Kiaʻi Ke Kahaukani:
Student Organizing at the University of Hawaiʻi at Mānoa
Welina Mānoa i ka lehu aloha
Aloha ua Tuahine
Mai luahine a i Waikīkī
Kiaʻi ke Kahaukani
Kani nō nā leo
ʻĀina alohe ē
- Welina Mānoa, na Keawe Lopes
The ʻoli (chant) Welina Mānoa was composed by kumu (teacher) Keawe Lopes to honor Mānoa and the many elements that are unique to this place. The fourth line of the ʻoli says “Kiaʻi ke Kahaukani” which means protected by Kahaukani. Kahaukani is the name for the strong swirling wind that can be felt throughout this ahupuaʻa (section of land). It is from this ʻoli and the elements that guard this place that gave inspiration for students at the University of Hawaiʻi at Mānoa to develop who stand strongly for the protection of Maunakea to form a student group that was named in honor of one of the elements that have protected this wahi (place) for generations.
Image above: Kiaʻi ke Kahaukani on the first day of class (Copyright: @kiaikekahaukani IG)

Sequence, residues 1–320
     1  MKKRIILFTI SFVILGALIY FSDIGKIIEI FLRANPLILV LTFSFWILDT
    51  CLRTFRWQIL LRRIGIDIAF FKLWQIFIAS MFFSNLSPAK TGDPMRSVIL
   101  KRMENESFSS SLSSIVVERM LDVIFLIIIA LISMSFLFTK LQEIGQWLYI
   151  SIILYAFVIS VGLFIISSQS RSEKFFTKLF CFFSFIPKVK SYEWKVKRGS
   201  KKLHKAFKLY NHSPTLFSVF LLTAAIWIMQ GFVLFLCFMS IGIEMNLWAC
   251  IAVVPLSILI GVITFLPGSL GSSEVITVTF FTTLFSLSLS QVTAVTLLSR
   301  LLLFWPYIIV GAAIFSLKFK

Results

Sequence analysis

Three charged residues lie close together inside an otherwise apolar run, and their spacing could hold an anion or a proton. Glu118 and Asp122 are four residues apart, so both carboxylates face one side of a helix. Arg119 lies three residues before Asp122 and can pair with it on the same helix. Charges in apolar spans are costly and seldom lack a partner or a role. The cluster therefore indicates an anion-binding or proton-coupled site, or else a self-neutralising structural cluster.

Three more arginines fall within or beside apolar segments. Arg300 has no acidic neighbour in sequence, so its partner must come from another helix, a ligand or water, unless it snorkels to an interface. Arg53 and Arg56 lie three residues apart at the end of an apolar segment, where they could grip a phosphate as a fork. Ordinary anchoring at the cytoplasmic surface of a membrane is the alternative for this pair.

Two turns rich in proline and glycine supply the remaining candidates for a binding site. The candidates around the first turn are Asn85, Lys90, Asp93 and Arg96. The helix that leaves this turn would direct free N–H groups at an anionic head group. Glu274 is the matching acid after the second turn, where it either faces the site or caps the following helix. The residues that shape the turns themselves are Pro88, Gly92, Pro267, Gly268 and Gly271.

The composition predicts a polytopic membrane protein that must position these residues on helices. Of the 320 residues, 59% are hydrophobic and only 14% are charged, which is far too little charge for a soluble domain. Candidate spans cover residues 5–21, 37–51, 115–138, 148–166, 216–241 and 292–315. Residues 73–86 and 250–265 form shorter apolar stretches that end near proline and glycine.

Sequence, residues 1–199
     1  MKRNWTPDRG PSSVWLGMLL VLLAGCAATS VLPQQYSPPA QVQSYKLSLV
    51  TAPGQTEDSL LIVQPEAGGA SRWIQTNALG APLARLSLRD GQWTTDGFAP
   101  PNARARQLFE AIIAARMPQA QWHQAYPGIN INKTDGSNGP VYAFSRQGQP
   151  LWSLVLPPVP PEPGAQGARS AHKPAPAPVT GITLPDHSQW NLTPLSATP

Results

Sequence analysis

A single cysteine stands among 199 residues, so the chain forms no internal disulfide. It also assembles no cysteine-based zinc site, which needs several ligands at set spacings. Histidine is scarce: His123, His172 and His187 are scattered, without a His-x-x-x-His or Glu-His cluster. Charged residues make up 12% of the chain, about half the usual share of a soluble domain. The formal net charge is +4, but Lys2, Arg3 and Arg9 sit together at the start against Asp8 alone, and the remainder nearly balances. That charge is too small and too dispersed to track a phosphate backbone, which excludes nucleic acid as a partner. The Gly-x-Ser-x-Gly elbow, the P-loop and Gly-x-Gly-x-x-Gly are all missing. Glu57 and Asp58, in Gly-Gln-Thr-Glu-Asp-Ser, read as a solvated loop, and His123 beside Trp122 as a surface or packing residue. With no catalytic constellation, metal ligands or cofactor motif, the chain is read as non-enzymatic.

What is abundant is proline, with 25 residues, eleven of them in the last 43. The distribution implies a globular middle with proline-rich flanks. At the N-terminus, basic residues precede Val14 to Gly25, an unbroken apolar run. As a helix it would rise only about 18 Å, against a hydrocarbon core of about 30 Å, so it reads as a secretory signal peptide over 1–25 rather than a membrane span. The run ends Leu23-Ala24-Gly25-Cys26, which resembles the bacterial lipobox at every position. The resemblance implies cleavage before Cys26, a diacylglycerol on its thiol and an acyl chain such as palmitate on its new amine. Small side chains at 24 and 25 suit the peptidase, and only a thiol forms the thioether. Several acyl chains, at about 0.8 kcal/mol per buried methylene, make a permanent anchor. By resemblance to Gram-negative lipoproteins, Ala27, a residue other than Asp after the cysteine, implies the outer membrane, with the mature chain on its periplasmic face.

Although there is no specific date attached to the establishment of this hui, the making of Kiaʻi Ke Kahaukani can be traced back to the fall of 2013. At the time Ka Leo, (the University’s newspaper) hosted an art festival and encouraged students to submit artwork to be featured on their mural space. Native Hawaiian artist and then UH student Hailey Ka‘iliehu submitted a proposal for a mural design. Hailey’s mural displayed the words: “UH cannot be a place of Hawaiian learning while leading the desecration of Mauna a Wākea”. The mural was in response to the University’s approval of the Thirty Meter Telescope to be built on Maunakea. Hailey’s mural was selected out of numerous proposals to be painted for the Ka Leo Arts Fest and was approved beforehand by coordinators of the project.  On the weekend of October 19th, 2013 community members came together under the direction of Hailey to create this mural for the Ka Leo Arts fest that was set to be on the 24th. Upon returning to campus the following Monday Ka‘iliehu and others noticed that Ka Leo had blacked out Hailey’s words and wrote “#KaLeoArtFest” on top of her mural. This silencing of native voices sparked campus and community outrage and inspired students, such as Hailey Ka‘iliehu, No’eau Peralto, and ‘Ilima Long to come together and collectively advocate for the protection of Maunakea and hold the University accountable to their actions.